How to Start a Travel Blog

Want to become an awesome travel blogger, but don’t know where to start? Here are some words of advice, to help start a fabulous, catchy and interesting travel blog. 1 // Determine your specialty Travel is the most crowded niche there is, so you would want to make sure that your site stands out. What can you offer that other travel blogs don’t? Narrowing your topic so you cover only a city, town, country or continent is great but you might have some difficulty in expanding later on, especially if your domain name is dependent on it. Want inspiration? A few travel bloggers share combine their expertise with travel. For example, you might want to focus on family travel, budget travel, traveling as a vegetarian and so on. Basically, what you need to do is offer a twist in your blog that people do not get from other sites. 2 // Come up with a memorable domain name A domain name, or the address or URL of your site, is among the biggest steps you need to make in starting a travel blog. For one, you do not want it to be made up of more than five words otherwise, remembering it will be a pain. One-word names are great but you can go up to three. Choose a name that best describes what you blog about and make sure that it has not been taken yet or registered as a business name. If your preferred name is not available, you can try to add an article like ‘the’ but you must remember that there is a huge likelihood...

7 Tips On How To Manage The Fear Of Going On National TV by Stan Popovich

You’re an expert in your field and you have limited resources and a limited budget. One day, you get a phone call or email from a National TV show asking if you want to do a live appearance on their show. Although your excited, you wonder if you have what it takes to be on a show that will be seen by millions around the country. You start to doubt yourself and fear takes over. What do you do? Here are 7 tips on how to manage your fear and anxiety of going on National TV. 1. Establish Some Goals. Many people who have a chance to go on National TV deal with the fear of what might happen. Sometimes their stress and anxiety becomes so great, that some people decide at the last minute not to go on the show. To prevent your fears from taking over, you should write down a list of reasons of why you want to be on TV. Having a sense of purpose of going on TV can be used as motivation in overcoming your fears and anxieties. 2.Use Self-Visualization. Many experts who go on TV get anxious before going on the air. When this happens, visualize yourself doing the event in your mind. For instance, you have to do a live show in front of a large group of people in the next few days. Before the big day comes, imagine yourself doing the event in your mind. By doing this, you will be better prepared when the time comes. Self-Visualization is a great way to reduce the fear and stress of...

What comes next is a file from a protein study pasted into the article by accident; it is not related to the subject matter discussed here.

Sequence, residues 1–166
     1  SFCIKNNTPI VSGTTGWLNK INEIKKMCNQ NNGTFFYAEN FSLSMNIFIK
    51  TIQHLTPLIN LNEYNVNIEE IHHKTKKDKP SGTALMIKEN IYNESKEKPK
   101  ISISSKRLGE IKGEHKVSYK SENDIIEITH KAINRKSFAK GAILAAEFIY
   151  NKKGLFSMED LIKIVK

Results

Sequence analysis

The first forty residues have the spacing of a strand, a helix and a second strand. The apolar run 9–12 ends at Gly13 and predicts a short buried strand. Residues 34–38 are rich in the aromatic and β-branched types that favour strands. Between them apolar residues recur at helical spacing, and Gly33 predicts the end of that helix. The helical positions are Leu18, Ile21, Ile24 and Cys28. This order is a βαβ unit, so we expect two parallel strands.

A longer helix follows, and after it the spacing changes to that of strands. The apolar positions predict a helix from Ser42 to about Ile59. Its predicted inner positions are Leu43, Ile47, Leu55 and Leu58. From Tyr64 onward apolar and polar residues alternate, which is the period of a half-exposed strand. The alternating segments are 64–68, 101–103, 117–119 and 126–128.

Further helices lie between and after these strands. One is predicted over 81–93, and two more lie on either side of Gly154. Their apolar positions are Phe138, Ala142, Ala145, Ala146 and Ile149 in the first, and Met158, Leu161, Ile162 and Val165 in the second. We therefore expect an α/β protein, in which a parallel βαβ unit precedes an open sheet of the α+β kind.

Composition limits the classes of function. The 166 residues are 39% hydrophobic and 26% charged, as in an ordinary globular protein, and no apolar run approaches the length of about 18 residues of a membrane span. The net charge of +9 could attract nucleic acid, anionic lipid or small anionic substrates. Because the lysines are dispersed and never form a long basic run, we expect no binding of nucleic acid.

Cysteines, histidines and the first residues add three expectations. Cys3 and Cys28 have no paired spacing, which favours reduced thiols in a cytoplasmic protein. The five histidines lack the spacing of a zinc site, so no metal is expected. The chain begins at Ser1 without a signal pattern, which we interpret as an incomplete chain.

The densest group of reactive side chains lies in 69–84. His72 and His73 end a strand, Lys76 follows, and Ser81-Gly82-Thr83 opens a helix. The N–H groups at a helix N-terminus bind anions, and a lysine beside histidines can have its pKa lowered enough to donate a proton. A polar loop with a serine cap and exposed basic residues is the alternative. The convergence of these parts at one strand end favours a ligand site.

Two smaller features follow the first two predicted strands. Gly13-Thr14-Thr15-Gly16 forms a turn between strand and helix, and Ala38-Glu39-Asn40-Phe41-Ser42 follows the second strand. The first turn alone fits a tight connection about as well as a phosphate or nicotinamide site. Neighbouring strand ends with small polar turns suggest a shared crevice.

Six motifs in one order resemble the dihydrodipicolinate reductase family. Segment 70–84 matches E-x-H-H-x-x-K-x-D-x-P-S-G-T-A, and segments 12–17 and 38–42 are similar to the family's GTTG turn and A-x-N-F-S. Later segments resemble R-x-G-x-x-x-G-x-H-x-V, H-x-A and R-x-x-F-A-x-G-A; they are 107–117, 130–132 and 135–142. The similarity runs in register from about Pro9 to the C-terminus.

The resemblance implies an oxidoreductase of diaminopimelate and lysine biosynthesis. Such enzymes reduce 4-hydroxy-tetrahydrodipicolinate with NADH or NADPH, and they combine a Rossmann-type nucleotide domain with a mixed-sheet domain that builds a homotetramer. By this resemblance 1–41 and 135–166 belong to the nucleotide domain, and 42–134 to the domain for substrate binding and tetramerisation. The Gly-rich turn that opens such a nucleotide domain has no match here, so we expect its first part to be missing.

Victoria Patterson recommends…

From P&W: Writers recommend “Always tucked in a pocket of my purse is a Moleskine journal. I try to write every day, no matter what, and I’ve pulled that Moleskine out while waiting for my kids—doctor’s appointments, soccer practices, piano lessons. In my Moleskine, I allow myself the freedom to write anything. No matter the inanity—it has my full permission to go down uncensored. I doodle. I make lists. I describe the waiting rooms, piano lessons, parents in the stands. And if I lose my Moleskine, my name and phone number are displayed, with a reward offered of one billion dollars.” —Victoria Patterson, author of This Vacant Paradise (Counterpoint, 2011)  ...

Valerie Trueblood on Weddings, Writings and More

Valerie Trueblood shares her insights on marriage on author Caroline Leavitt’s blog: “A wedding is a good place to think.  We cry at the start as the bride comes forward, smile at the end as the couple sweeps past, but in between, while people get up and down, hand each other things, read from shaking pieces of paper, there’s a lull.  Despite the voices, it seems as if a mute has been put on the scene.  That’s when I try, in the pew or the little plastic chair sinking into the grass, to formulate a position. Is marriage a good thing? Is it a good thing with a lot of bad things happening in it?  Is it a bad thing with a lot of good people in it trying to make improvements?  Is it a natural state?  Do we have to live in pairs?  Is that even the pattern any more, or are we replacing it with something else, and if so, what?” To read the full article:...